Now, that doesn’t mean they will arrive on December 25. The current USPS delivery load is estimated at 40% over normal and 19,000 of their workers are out due to COVID-19 symptoms or exposure. Those of us who respect the opinions of medical experts and the health department are not delivering packages ourselves as we stay home for the holiday and ship instead. It’s a stressful time to be working at the post office.
But still, your Christmas gifts are not late. Christmas is actually a twelve-day festival called Christmastide which begins December 25 and ends January 6. In fact in Latin America, the day to exchange gifts is the Epiphany, the commemoration of the visit of the Magi to the Christ child and the offering of their gifts of gold, frankincense, and myrrh.
That last one, myrrh is an embalming oil. Whether you believe in COVID-19 or not, there are 400,000+ more deaths in 2020 than in 2019, the largest yearly increase since 1919 and the Spanish Flu. I will ask the question to the naysayers again: if you include total deaths together regardless of cause, what exactly explains the increase? Continue reading →
I write this at my dining room table, a custom built 8-foot, 250+ pound, white oak farm table, so new the clear coat has not cured yet. It arrived only two weeks ago, just in time for a Thanksgiving feast that will not happen.
For years, I hosted ‘Wayfarers Thanksgiving’, a dinner party for ‘orphans’, for those of us who left our places of origin for opportunities in the Twin Cities and had no family to spend the holiday with. I was in a one-bedroom apartment with a view of an alley and no dining room table. We packed in the living room around a coffee table and sat on paisley mustard pillows suitable for outdoor furniture.
I have my first home now, a condo with a fireplace, and a dining room big enough to host such a party. But there is no party, only dinner for two in the sunroom. I cannot risk COVID-19. It’s not for my sake, but for all the vulnerable adults in my life. I would survive but I cannot risk spreading it first, second, or third hand to others. I know everyone is sick of hearing about it, but COVID-19 isn’t over just because you’re bored with it.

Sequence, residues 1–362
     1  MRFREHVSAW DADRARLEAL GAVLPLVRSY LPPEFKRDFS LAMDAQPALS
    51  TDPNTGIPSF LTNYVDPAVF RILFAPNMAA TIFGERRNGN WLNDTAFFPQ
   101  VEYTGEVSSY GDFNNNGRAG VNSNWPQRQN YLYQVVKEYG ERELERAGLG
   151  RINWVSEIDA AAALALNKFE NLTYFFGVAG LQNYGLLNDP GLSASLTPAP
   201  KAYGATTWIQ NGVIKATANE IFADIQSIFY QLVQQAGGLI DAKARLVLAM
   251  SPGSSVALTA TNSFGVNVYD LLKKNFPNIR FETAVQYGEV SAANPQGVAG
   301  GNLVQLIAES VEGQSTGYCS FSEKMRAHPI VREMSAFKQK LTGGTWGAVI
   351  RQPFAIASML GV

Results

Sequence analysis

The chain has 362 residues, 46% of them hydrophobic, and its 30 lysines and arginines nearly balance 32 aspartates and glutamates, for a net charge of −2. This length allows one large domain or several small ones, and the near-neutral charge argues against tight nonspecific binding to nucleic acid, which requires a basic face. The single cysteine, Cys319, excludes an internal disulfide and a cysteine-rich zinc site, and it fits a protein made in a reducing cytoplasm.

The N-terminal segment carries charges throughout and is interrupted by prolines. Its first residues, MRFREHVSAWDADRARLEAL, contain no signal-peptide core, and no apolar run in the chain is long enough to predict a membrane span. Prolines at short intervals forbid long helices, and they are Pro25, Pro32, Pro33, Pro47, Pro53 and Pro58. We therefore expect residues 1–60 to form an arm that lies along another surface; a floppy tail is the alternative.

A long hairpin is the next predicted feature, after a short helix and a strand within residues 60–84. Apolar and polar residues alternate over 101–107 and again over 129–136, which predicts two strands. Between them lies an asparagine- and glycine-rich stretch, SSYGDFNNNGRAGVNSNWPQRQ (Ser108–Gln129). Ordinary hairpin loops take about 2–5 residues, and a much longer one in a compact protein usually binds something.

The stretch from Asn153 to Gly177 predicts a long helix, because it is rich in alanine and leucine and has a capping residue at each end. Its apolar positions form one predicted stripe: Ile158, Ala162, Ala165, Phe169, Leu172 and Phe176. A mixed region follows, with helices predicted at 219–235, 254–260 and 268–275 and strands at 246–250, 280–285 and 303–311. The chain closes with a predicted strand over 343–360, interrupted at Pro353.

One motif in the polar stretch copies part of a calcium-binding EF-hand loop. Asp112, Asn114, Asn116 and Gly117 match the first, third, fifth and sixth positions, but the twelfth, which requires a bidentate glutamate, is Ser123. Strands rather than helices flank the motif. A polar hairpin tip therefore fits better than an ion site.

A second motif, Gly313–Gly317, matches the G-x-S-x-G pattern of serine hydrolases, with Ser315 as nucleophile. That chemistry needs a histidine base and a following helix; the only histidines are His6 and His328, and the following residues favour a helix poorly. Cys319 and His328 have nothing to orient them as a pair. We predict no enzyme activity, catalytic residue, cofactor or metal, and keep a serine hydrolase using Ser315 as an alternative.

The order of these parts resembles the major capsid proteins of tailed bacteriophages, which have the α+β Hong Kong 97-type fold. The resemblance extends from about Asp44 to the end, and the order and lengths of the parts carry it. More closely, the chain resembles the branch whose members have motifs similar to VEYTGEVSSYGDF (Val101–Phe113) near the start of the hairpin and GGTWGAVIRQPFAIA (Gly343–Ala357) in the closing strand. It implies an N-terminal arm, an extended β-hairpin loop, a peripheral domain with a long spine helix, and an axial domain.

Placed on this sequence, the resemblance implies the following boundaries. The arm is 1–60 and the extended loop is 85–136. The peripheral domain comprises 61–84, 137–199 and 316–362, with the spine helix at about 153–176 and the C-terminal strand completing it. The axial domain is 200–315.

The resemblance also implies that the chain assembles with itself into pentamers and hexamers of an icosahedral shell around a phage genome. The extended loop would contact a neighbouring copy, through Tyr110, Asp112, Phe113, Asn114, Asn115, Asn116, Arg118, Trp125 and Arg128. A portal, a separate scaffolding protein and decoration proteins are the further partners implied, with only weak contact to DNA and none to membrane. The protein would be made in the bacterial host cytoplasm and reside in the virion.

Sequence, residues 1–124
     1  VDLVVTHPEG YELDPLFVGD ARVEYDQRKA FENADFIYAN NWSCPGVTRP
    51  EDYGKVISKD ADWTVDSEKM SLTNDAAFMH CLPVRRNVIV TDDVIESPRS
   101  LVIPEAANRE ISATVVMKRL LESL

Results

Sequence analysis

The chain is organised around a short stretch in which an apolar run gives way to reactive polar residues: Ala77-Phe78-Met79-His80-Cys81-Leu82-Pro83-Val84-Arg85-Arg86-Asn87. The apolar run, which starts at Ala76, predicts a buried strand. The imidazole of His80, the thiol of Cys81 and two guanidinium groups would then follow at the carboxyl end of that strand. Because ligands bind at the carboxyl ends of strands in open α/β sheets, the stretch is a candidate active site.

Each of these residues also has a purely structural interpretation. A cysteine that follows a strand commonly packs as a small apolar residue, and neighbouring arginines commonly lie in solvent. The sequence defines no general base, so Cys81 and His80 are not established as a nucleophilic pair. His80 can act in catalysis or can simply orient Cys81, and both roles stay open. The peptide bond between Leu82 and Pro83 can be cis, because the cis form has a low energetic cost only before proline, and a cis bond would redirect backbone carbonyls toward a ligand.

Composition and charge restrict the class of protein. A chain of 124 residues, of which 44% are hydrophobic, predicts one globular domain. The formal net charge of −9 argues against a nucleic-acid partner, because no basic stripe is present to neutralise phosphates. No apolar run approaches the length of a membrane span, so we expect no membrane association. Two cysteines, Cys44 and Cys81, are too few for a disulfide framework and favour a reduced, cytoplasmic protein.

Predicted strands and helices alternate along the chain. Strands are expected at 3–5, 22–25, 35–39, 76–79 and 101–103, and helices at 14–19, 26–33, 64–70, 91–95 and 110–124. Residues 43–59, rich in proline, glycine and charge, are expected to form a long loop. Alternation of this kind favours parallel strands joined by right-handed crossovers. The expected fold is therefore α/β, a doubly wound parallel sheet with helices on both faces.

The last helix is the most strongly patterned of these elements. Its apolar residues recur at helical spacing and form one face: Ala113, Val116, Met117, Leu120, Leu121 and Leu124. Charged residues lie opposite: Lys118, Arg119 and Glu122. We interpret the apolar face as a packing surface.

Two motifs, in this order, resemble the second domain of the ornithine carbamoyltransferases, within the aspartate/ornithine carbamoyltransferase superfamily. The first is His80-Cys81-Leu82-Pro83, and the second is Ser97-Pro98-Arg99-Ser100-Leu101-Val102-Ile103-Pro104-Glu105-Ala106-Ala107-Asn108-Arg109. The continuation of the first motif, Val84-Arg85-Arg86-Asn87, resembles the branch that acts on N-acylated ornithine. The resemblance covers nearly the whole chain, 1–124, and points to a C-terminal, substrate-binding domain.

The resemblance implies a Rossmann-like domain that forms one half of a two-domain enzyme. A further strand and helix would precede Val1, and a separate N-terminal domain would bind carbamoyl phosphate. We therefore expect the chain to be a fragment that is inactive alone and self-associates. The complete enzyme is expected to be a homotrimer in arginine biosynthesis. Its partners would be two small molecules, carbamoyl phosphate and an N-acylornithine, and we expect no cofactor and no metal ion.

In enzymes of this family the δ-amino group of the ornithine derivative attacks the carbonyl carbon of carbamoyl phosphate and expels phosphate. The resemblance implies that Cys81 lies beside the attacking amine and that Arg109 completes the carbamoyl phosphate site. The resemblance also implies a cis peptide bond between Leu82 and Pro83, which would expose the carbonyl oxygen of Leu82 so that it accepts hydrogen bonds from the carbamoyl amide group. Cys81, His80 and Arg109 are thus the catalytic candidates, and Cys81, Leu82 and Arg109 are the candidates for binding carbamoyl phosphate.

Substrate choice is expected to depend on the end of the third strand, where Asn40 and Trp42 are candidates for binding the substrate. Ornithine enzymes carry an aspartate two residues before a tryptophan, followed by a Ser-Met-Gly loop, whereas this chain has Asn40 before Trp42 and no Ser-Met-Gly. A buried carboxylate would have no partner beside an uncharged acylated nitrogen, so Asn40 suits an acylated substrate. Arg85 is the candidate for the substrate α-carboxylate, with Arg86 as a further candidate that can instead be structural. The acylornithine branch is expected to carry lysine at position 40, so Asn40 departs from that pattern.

My friend’s mother died on Monday, April 20, 2020, from COVID-19.
It is the first death from this disease in my social circle. But it will not be the last.
I spend my mornings helping my mother who is in late stage acute leukemia. Three days a week, she has blood tests to check if she requires a transfusion and two days a week she does. I am not allowed to accompany her into the cancer clinic or the infusion center because of the risk of transferring COVID-19.
As I wait in the car, I see people in various stages of cancer treatment come and go. Even the ones in wheelchairs are dropped in the roundabout and carted into the facility by masked and gloved staff. They range in age from their 40’s to 80’s. Some have hair, others don’t. Some can walk without help, others like my mom need a cane. Leukemia is the most common form of cancer in children 0-14 years of age, but they are at the children’s hospital. Continue reading →
I am new to remote work. I have resisted it for years, even though I am an IT professional and could contract my services. But I never wanted my work stress to interfere with my home stress. Those two stresses always and forever needed to remain apart, simply so that I had one place to escape from the other. I know you working professionals understand.
My ‘worst fears’ have been confirmed- I feel the same stress in my home office as I do in my work cube. But this 2nd floor home office with a view and comfy chair is not my home. I am at a remote location in Illinois, staying with my generous sister. I have two rooms dedicated to my needs- a bedroom and a connected office with a table and a washer/dryer. I have my laptop, docking station, wireless internet, keyboard and mouse, and a large standalone monitor- every writers dream! Continue reading →
My mother has Acute Leukemia and is nearing the end of her life. She now receives platelet transfusions about twice a week because her blood platelet count is constantly less than 15. The minimum normal platelet count is 133.
I live in Minnesota and she lives in Illinois. I am one of the lucky ones. I have a job I can work remotely and some paid FMLA leave to care for her during this time. When I left Minnesota, I was healthy. At the time, my community had low COVID-19 infection rates per capita.
I drove straight though, taking a record 6.5 hours to travel the 430 miles. I stopped only for gasoline and bathrooms in small town Iowa, avoiding truck stops. I used paper towels on the pumps and my sweater sleeve wrapped hand inside the gas stations. Continue reading →
I know people are bored with staying home in the wake of COVID-19. I know people are rightfully concerned about employment, bills, money, the economy. As I walk the grocery aisles, many are clearly too afraid and others not afraid enough. But in the midst of this pandemic, I am also preparing for the end of life care of my mother, who has acute leukemia.